Norwegian rockers Pristine have returned to the scene with their fifth album, entitled Road Back to Ruin, and what a triumphant return it is.
Headed by vocalist Heidi Solheim Pristine have produced an album of variety in pace, power and emotion. The band is completed by Espen Elverum Jacobsen (guitar), Gustav Eidsvik (bass) and Ottar Tøllefsen (drums) and they are a great team. Guests Anders Oskal and Hansi Enzesperger also bring huge influence with their Hammond organ input.
The album title, Road Back To Ruin, according to the singer, came out of frustration. It’s about social circumstances, in which opinions and values are shifting towards a certain direction. The separation from or the fear of “the others”, being used by influential people to gain even more power. Distrust being spread and walls being built – things that have been done over and over in history and still society seems to be walking right into the same trap once again. People lacking nobleness and empathy, but are gaining hatred – something that Heidi has feared. Hence the last line in the album’s credits is: “Take care of each other. Be generous, including and kind.”
The handle which Heidi has on the way the world is developing is spot on, she has hit the nail on the head.
Road Back To Ruin starts in dramatic fashion with “Sinnerman”. Now, I’m no fan of the term ‘banger’ but this song epitomizes it. Fast and powerful it hits you straight between the eyes and with the added Jon Lord-esque keyboard break the album has a better start than Usain Bolt.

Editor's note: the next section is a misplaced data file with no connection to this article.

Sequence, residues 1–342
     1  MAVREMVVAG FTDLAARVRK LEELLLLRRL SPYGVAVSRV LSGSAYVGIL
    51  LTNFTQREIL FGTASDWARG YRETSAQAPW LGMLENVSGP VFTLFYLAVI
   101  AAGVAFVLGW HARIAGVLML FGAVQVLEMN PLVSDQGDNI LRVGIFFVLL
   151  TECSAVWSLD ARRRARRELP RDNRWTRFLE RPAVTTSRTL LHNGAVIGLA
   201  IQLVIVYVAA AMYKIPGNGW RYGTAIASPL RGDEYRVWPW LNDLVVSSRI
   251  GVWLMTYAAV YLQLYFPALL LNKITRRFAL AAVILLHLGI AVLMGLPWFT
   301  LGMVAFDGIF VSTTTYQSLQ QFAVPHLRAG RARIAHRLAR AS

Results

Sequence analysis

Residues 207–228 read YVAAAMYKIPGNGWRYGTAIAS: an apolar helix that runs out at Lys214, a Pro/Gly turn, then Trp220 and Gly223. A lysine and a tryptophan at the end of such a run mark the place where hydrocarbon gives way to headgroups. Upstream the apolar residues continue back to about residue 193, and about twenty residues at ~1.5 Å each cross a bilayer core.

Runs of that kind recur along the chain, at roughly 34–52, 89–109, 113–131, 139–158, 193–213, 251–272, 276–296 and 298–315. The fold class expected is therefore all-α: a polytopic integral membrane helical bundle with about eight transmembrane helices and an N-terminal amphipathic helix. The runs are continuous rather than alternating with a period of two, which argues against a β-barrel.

The title track is slower but heavier and Solheim’s vocals are top notch. Crashing riffs and drums open proceedings before toning down to accommodate moody vocals. After the intense slower feel the track ends on a crescendo, a great finish to a great song.
Whilst rocking like a good ‘un, the chorus of “Bluebird” has gospel choir elements backing it up. The track also has a really nice, occasionally funky feel. As mentioned variety is the key and the first three tracks have demonstrated that already.
“Landslide” opens with a Stones inspired riff which is maintained throughout and Espen Elverum Jacobsen hits us with a quality old school solo.
The first slowy comes with “Aurora Skies”, heavy on atmosphere, emotion and thoughtfulness. A song to get lost in.
“Pioneer” picks up the pace once again and is a punchy rocker which I feel is a bit autobiographical of Solheim.
If “Aurora Skies” was heavy on atmosphere then “Blind Spot” has it in shitloads. It has a mesmerizing quality throughout, so just drift away and let it wash over you before being rudely awoken by the riffs introducing “The Sober”. A straight-up ballsy rocker with a solo to match.
“Cause and Effect” can’t really count as a rock track but is a cracker all the same. It has been mentioned elsewhere but it really does have the feel of a James Bond theme. This may have something to do with the Arctic Philharmonic Orchestra featuring.
We go a bit country on “Your Song”, inspired by Neil Young’s acoustic recordings. It’s a gentle, simple track where Solheim demonstrates she can do tender as well as power.
It’s back to rock with “Dead End”, a choppy track which drips attitude and has its middle finger firmly in the vertical position.
Road Back To Ruin end with a live recording of “Ghost Chase”. It’s a solid enough track but ends on a guitar wankfest which betrays all the solid work which has gone before, but I’m not going to hold that against them.
Road Back To Ruin, which is out on Nuclear Blast Records, is a belter of an album and Heidi Solheim is a belter of a vocalist. The album has power, feel and touch, along with a barrel load of variety. The band clearly oozes confidence in their ability and that confidence is not at all misplaced. Highly, highly recommended.